Vermont Governor Phil Scott made waves last month when he vetoed a recreational cannabis bill that would have made history as the first statewide legalization law implemented by legislators instead of a popular vote. Alas, the Republican Governor balked at the opportunity, and sent the legislation back to lawmakers. Now, following a series of meetings and compromises, it appears that Scott will have a second chance at history this week when a newly amended version of the bill lands on his desk by Wednesday.
According to the Vermont Press Bureau, Democratic Senator Dick Sears and Representative Maxine Grad are confident that the legislation altercations will be enough to pass recreational legalization into law.
“I don’t think that we’re so far apart that we can’t reach some kind of agreement,” Sears said about the compromises made with Governor Scott. “He seems to have accepted the general direction that we’re going in.”
Scott’s main concerns with the previous bill were a lack of specific details pertaining to punishments for people who give or sell cannabis to minors, those consuming cannabis while operating a motor vehicle or driving under the influence of marijuana, and the ability for police to confiscate cannabis from offenders possessing more than the legally allowed amount, or consuming it in a restricted area.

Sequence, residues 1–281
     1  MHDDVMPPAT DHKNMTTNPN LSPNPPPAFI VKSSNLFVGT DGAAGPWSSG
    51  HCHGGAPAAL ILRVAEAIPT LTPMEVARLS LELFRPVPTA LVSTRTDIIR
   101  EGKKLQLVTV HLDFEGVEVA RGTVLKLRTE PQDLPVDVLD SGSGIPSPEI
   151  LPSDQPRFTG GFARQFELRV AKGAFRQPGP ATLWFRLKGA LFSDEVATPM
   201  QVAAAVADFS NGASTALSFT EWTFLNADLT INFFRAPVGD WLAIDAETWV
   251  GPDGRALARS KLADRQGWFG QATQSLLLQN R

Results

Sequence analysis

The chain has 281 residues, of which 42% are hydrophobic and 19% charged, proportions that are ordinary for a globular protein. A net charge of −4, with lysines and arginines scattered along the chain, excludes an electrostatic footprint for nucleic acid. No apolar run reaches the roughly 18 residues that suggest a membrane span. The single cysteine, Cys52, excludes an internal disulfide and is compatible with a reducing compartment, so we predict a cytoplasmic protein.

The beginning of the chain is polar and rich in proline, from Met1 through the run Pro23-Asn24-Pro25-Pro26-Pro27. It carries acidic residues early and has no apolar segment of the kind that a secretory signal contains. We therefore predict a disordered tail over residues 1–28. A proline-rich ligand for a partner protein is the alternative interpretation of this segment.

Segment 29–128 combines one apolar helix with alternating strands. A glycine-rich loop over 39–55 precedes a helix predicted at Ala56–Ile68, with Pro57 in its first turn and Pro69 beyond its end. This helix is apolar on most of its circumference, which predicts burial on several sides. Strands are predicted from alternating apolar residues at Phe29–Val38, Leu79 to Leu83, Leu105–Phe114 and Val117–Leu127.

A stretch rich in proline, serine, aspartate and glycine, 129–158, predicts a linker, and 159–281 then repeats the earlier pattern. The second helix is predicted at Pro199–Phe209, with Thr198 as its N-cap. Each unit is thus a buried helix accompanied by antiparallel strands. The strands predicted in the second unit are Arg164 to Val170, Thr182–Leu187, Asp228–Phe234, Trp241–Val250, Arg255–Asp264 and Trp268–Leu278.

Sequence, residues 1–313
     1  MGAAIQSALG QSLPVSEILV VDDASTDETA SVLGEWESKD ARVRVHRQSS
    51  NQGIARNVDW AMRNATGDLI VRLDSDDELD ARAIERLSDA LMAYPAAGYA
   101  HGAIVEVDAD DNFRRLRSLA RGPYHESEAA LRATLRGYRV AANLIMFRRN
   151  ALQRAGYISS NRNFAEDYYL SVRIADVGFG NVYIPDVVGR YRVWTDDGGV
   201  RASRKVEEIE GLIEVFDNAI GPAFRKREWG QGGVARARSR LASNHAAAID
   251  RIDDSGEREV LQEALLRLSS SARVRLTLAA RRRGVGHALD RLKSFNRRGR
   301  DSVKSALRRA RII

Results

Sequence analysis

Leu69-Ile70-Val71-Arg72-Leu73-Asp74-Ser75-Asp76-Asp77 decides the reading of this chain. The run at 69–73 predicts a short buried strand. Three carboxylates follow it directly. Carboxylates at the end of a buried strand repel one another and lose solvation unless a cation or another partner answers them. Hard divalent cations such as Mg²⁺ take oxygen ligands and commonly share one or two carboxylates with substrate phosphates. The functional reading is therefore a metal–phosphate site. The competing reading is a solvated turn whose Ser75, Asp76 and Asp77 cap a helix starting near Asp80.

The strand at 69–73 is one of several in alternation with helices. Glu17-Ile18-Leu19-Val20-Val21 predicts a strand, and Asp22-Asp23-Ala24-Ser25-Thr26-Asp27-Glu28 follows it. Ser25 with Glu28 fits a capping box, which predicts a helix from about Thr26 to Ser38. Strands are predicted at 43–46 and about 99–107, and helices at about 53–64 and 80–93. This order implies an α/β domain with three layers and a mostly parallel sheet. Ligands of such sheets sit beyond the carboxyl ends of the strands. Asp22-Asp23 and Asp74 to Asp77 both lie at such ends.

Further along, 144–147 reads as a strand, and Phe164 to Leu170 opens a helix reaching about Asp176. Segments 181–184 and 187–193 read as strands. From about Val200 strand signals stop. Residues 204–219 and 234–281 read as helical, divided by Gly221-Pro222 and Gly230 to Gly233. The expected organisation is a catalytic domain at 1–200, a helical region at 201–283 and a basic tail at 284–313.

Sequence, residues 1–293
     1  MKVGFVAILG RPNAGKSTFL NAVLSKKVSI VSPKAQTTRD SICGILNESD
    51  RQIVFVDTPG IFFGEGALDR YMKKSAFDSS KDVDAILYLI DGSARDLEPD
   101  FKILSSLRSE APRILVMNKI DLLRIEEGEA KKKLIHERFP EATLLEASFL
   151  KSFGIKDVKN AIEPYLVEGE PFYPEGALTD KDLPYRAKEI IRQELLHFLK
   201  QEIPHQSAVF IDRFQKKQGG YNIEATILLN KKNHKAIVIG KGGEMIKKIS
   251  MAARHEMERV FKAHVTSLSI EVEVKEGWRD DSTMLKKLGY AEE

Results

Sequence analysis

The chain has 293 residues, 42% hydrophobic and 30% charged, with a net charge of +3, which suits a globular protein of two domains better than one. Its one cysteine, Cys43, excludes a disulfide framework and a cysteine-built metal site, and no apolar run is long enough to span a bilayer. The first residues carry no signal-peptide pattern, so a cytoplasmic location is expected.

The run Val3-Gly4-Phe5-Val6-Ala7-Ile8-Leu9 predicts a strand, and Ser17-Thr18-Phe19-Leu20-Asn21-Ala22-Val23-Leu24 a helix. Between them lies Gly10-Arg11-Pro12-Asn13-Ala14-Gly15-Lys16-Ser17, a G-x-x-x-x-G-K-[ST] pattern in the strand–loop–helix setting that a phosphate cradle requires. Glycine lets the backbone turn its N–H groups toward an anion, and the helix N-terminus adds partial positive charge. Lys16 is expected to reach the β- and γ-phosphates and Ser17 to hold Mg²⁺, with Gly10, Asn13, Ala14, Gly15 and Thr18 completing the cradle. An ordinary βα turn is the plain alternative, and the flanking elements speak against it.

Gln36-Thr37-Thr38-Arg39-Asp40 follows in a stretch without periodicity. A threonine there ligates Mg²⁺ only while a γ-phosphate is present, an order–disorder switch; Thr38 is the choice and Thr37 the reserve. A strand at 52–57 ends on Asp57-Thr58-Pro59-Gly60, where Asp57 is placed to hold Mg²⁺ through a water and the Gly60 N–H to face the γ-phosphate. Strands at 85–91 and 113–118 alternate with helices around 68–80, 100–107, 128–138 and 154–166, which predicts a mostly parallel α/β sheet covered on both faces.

Sears and Grad have made concessions concerning the Governor’s requests, and hope to turn Vermont into the ninth state to legalize recreational cannabis use and sale. As the bill currently stands, adults in Vermont 21 years and older would be able to possess up to an ounce of marijuana and grow up to two mature and four immature plants in their home. If passed, the legislation would take effect by July 1st, 2018.
Governor Scott will once again have an opportunity to make history this week, with a chance to sign the revised legalization bill into law by the end of tomorrow’s veto session.